Gems eventually returned to the project, writing a total of 12 drafts of the script. Although he is credited with both the screen story and screenplay of Mars Attacks!, Gems dedicates his novelization of the movie to Burton, who "co-wrote the screenplay and didn't ask for a credit".[3] Warner Bros. was dubious of the Martian dialogue and wanted Burton to add closed captioning subtitles, but he resisted.[8] Working with Burton, Gems pared the film's 60 leading characters down to 23, and the worldwide destruction planned for the film was isolated to three major cities. Scenes featuring Martians attacking China, the Philippines, Japan, Europe, Africa, India, and Russia were deleted from the screenplay. "Bear in mind this was way before Independence Day (1996) was written," Gems commented. "We had things like Manhattan being destroyed building by building, the White House went and so did the Empire State Building. Warner Bros. figured all this would be too expensive, so we cut most of that out to reduce the cost."[7] Howard Stern claimed that the film's climax, where an attack by Martians was thwarted by playing Slim Whitman songs to them, was originally created by him when he worked at WNBC in 1982, in a sketch named "Slim Whitman vs. The Midget Aliens From Mars." As Burton listened to the sketch while being interviewed by Stern, he dismissed it as mere coincidence.[9]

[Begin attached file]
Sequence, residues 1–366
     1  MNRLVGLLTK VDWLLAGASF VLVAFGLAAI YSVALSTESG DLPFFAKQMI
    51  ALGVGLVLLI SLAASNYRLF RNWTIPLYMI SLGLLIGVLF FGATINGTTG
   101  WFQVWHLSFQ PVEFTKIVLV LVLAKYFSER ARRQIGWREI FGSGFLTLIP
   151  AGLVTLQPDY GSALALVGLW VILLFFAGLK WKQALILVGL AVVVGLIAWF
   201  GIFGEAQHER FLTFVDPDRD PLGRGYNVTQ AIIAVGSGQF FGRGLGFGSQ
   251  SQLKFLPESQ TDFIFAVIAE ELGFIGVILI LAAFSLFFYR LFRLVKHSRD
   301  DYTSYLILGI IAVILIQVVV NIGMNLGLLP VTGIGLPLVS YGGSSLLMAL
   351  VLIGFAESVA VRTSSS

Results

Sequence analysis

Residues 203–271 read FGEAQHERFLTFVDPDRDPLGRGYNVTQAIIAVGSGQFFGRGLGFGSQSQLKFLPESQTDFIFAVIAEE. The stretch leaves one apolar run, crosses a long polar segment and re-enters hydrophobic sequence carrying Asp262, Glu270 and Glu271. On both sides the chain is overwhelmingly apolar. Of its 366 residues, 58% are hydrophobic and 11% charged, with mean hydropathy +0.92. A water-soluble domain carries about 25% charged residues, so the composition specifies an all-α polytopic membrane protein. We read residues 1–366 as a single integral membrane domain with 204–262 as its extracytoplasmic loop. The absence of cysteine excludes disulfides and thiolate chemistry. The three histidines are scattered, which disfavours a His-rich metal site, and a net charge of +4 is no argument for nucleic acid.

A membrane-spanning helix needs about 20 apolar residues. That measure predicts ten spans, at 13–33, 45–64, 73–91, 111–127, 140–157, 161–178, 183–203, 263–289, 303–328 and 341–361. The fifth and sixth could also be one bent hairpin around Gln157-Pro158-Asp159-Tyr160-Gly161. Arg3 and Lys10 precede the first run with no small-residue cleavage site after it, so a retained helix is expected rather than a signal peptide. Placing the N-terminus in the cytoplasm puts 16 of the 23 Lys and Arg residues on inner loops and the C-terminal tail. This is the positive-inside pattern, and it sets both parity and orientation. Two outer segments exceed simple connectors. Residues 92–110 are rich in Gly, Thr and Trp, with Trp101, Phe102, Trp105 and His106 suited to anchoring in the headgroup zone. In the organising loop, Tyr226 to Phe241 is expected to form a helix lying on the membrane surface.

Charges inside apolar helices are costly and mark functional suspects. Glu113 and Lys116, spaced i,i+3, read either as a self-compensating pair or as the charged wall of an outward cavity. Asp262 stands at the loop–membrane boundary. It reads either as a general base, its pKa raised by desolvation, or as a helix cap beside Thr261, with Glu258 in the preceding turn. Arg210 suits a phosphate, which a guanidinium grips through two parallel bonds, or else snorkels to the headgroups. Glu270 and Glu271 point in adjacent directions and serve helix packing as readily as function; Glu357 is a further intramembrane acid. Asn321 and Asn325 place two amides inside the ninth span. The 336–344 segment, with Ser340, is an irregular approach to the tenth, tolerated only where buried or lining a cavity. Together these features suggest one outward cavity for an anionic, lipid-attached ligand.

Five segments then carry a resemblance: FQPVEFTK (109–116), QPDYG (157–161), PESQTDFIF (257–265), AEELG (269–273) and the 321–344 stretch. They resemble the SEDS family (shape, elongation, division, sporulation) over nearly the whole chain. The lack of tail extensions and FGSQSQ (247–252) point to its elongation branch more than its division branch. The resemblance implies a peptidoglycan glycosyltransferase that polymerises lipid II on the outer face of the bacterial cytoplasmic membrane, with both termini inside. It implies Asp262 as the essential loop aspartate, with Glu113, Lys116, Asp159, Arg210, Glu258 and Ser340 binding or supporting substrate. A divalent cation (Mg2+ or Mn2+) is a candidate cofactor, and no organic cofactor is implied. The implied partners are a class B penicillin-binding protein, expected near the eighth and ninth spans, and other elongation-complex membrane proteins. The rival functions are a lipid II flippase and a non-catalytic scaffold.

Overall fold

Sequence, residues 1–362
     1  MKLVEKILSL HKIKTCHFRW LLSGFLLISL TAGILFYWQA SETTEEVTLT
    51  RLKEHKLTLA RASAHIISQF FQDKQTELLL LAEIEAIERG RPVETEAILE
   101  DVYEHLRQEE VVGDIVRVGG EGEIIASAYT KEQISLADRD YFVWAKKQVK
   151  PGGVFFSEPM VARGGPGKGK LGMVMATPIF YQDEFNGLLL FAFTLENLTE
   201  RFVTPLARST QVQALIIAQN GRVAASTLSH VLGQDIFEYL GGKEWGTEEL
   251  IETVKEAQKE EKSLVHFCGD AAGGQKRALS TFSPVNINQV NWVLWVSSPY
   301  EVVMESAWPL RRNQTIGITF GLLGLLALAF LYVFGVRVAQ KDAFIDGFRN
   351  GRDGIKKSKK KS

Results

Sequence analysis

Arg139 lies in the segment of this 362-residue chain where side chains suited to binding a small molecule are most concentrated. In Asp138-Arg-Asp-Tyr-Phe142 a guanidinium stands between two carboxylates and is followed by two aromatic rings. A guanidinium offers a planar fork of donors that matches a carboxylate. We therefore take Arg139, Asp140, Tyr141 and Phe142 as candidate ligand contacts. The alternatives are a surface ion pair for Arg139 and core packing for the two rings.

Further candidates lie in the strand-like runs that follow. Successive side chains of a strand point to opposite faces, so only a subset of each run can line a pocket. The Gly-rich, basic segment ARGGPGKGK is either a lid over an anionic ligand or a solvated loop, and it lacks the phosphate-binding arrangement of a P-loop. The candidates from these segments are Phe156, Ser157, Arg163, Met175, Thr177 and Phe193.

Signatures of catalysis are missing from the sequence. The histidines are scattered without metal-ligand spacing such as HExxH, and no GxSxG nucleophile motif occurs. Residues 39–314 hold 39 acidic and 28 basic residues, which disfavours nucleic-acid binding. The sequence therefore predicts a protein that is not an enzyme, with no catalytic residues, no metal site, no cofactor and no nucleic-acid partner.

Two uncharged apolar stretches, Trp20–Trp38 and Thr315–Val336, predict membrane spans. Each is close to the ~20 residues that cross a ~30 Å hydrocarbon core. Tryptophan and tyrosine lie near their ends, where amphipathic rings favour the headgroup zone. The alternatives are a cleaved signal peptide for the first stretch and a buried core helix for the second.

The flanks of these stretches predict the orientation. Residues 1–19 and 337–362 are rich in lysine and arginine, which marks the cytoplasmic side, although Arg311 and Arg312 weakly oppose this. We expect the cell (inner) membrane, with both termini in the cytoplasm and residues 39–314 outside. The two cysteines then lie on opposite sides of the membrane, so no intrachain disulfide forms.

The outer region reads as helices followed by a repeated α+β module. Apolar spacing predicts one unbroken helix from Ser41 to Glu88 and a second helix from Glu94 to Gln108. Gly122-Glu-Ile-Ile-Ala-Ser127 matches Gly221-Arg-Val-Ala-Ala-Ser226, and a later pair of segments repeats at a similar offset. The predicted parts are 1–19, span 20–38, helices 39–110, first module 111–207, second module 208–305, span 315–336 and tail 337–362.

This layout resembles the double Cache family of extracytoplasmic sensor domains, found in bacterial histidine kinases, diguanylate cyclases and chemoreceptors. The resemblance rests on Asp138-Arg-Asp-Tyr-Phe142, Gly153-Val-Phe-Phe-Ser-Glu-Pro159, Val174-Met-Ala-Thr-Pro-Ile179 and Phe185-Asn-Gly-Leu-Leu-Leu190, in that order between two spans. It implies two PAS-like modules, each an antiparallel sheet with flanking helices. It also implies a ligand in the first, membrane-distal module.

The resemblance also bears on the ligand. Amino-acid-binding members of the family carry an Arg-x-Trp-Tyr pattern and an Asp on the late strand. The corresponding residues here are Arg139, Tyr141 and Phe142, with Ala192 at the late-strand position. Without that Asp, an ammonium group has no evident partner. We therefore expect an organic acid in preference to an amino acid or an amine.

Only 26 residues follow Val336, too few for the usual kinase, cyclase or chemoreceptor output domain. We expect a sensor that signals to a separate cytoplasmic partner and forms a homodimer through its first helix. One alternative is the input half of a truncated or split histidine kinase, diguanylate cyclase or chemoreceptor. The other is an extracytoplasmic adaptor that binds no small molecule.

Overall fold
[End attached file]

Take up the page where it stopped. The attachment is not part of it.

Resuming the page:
The decision to hire an A-list ensemble cast for Mars Attacks! parallels the strategy Irwin Allen used for his disaster films, notably The Poseidon Adventure (1972) and The Towering Inferno (1974).[3] Warren Beatty was the original choice for the role of President Dale, but dropped out. Paul Newman replaced him, but then considered playing another role, and left the production over concerns about the film's violence. Michael Keaton was also considered. Jack Nicholson was then approached, who jokingly remarked he wanted to play all the roles.[10] Burton agreed to cast Nicholson as both Art Land and President Dale, specifically remembering his positive working relationship with the actor on Batman (1989).[3]

Susan Sarandon was originally set to play Barbara Land[10] before Annette Bening was cast. Bening modeled the character after Ann-Margret's performance in Viva Las Vegas (1964).[4] Hugh Grant was the first choice for Professor Donald Kessler, which eventually went to Pierce Brosnan.[11] Meryl Streep, Diane Keaton and Stockard Channing were considered for First Lady Marsha Dale, but Glenn Close won the role.[10] In addition to Nicholson, other actors who reunited with Burton on Mars Attacks! include Sylvia Sidney from Beetlejuice (1988), Sarah Jessica Parker (who signed on before reading the script) from Ed Wood (1994), O-Lan Jones from Edward Scissorhands (1990), and Danny DeVito from Batman Returns (1992), continuing Burton's trend of recasting actors several times from his previous works.[12] Mars Attacks! is also notable for one of the few times that Johnny Depp turned down a role in a Burton film. He was approached to play reporter Jason Stone. Michael J. Fox was cast instead.